Exploitation Route The findings will be used by chemistry and climate models and will improve their ability to predict future climate change.
Sectors Environment,Other

 
Description Until recently, surface / atmosphere exchange fluxes (emission / deposition) of particles could only be derived from particle number measurements (without information on chemical composition) or from gradient measurements, with is an indirect approach, subject to large errors. Under the NERC COSMAS programme we started the development of the first eddy-covariance system for chemical components, based on aerosol mass spectrometry and succeeded in measuring fluxes of nitrate, sulphate and some organic compounds. Following the introduction of a new generation of aerosol mass spectrometer, based on time-of-flight mass spectrometer, we have now completed the development of the next generation flux instrument and associated data processing routines. This has led to a much improved signal / noise ratio and additional capability of measuring fluxes of ammonium, fully quantitative organic aerosol fluxes and providing information on organic aerosol sources. Beneficiaries: The researcher benefited immediately, by being able to conduct research with this setup. Several flux datasets have been acquired and are being processed with the new data analysis package. A prototype has led to two papers and the new system will lead to many more. The scientific findings from the instrument will lead to a much improved understanding of the deposition of aerosols. First results have already led to the revision of the nitrate aerosol deposition velocity in the EMEP Chemical Transport Model, which is underpins European policy on emissions and ecosystem protection. Results from the study have highlighted the importance of anthropogenic emissions in controlling air chemistry even in what used to be considered remote regions of the Amazon. Even at low additional concentrations of NOx the isoprene chemistry is changed in a way that affects ozone and secondary organic aerosol formation.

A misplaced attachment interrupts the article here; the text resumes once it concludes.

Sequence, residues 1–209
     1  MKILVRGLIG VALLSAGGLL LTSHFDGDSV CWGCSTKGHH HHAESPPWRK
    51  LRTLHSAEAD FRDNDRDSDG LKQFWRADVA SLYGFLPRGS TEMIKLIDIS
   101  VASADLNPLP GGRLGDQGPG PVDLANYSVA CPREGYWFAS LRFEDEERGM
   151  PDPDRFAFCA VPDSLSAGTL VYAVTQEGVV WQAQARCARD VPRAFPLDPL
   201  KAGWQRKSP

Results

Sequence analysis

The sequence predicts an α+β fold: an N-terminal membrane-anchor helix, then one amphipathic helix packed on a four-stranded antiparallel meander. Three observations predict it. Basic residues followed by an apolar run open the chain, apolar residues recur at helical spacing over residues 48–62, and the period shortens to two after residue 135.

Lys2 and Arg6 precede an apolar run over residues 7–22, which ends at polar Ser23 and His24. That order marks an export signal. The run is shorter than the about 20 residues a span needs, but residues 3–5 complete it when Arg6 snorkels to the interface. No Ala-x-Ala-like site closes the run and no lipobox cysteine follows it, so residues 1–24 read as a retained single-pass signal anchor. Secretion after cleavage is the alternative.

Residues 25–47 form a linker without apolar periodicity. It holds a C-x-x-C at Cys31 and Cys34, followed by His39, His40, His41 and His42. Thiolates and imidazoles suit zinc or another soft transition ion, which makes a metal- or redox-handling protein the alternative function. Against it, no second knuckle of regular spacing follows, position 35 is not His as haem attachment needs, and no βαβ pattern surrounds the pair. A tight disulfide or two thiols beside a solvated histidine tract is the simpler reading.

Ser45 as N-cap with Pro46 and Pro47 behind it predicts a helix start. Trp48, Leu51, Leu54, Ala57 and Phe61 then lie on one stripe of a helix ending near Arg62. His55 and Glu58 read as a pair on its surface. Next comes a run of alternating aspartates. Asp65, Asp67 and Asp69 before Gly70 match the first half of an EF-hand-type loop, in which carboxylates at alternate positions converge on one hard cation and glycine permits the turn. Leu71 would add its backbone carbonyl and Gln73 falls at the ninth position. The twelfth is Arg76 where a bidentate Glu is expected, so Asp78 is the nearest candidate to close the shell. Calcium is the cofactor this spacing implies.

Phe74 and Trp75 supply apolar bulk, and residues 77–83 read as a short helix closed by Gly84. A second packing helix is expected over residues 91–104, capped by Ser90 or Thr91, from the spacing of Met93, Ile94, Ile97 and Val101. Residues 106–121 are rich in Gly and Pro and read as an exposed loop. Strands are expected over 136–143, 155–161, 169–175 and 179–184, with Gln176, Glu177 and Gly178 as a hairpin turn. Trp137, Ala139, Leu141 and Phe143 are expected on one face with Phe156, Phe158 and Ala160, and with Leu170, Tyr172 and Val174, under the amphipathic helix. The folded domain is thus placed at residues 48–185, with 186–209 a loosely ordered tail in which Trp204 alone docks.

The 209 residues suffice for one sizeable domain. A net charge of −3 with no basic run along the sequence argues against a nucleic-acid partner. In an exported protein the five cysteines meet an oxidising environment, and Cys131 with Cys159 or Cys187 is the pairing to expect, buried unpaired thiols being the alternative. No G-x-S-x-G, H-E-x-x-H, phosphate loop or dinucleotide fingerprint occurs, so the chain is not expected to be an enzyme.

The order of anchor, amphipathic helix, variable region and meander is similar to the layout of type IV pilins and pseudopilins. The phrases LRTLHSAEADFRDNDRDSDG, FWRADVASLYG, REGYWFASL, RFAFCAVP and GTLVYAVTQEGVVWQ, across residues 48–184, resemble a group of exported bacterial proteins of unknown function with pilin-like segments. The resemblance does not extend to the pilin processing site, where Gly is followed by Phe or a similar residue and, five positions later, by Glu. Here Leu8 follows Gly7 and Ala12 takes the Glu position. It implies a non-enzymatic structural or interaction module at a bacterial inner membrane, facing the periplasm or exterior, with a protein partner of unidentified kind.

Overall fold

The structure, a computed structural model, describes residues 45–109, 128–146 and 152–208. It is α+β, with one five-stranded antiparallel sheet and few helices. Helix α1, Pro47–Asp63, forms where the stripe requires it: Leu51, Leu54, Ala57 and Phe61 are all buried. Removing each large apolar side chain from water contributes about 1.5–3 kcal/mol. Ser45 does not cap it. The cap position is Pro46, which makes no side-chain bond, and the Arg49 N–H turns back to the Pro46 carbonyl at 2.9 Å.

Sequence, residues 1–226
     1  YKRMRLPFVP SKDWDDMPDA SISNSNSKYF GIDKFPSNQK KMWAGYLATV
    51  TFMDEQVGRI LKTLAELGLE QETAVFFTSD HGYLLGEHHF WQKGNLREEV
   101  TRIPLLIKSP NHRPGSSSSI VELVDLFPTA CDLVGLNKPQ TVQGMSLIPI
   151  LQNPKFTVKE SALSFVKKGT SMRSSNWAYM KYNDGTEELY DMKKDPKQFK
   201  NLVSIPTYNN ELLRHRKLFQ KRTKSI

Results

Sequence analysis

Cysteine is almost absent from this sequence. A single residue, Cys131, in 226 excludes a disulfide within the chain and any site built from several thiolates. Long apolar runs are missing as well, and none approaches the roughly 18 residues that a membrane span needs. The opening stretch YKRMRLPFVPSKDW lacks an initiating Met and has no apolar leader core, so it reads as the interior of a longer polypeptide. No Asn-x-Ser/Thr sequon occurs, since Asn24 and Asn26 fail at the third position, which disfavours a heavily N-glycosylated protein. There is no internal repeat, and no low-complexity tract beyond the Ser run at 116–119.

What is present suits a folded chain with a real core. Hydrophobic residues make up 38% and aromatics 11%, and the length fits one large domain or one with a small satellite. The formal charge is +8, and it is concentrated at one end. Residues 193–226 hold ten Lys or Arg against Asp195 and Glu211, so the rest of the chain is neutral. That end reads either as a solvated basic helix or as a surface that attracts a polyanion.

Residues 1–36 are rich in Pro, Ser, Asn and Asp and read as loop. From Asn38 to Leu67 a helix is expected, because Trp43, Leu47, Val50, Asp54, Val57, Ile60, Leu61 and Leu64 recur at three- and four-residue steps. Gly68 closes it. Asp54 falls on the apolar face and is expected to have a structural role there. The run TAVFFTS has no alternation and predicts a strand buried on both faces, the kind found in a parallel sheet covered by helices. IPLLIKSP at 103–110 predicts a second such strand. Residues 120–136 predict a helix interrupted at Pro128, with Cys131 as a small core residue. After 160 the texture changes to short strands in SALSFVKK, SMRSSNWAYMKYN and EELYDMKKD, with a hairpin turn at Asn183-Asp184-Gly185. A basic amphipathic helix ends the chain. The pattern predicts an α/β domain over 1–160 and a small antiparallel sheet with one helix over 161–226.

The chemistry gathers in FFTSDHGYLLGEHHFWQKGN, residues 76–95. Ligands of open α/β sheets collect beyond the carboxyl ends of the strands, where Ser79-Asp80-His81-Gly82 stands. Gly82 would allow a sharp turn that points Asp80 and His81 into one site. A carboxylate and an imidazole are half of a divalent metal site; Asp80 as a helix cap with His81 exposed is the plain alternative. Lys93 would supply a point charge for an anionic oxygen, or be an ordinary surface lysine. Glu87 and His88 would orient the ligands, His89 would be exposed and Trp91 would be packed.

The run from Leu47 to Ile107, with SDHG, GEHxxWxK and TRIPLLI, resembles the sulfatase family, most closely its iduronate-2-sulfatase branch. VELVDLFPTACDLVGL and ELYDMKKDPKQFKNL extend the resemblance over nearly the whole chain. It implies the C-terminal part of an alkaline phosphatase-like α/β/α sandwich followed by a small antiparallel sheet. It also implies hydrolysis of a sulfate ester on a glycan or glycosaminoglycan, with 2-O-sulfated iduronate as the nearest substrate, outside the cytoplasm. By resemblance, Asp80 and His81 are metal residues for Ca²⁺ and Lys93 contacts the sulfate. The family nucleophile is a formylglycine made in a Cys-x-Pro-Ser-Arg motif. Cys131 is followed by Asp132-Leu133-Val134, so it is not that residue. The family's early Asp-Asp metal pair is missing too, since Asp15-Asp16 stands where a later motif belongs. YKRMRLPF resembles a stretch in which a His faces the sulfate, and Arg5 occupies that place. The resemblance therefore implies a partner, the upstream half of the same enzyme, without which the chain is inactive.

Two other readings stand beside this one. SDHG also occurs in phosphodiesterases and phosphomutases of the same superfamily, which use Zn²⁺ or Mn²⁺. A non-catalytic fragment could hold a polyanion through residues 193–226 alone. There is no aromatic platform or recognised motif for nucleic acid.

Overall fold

Sector Environment
Impact Types Policy & public services

 
Title Annual dataset of VOC fluxes above the Amazon 
Description Concentrations and fluxes of selected volatile organic compounds (with emphasis on isoprene) measured above the Amazon. 
Type Of Material Database/Collection of data 
Provided To Others? No  
Impact Understanding of seasonality in isoprene emission from Amazonian rain forest and their controls. 
 
Title PM1 aerosol chemical composition above Amazon rainforest 
Description Aerosol composition measured by Aerosol Mass Spectrometry above the Amazon rainforest 
Type Of Material Database/Collection of data 
Year Produced 2014 
Provided To Others? Yes  
Impact Understanding of aerosol composition above the Amazon rainforest and their controls (ongoing). 
 
Description Jointly funded PhD studentship to investigate surface/atmosphere exchange of inorganic gases and aerosols above tropical rainforest 
Organisation Max Planck Society
Country Germany 
Sector Charity/Non Profit 
PI Contribution The project has resulted in the initiation of a PhD studentship, jointly funded between Max Planck Institute for Chemistry (MPIC), the University of Edinburgh and NERC-CEH, that has started to take the project work further. CEH is hosting the studentship and providing primary supervision and providing the instrumentation.
Collaborator Contribution MPIC and Univ. Edinburgh are providing the funding and co-supervision; MPIC is providing access to the ATTO measurement site in Amazonia as well as site infrastructure.
Impact So far the studentship has resulted in an extension of the measurement apparatus for inorganic gases and aerosols to total organic carbon and nitrogen.
Start Year 2015
 
Description Jointly funded PhD studentship to investigate surface/atmosphere exchange of inorganic gases and aerosols above tropical rainforest 
Organisation University of Edinburgh
Department School of Chemistry
Country United Kingdom 
Sector Academic/University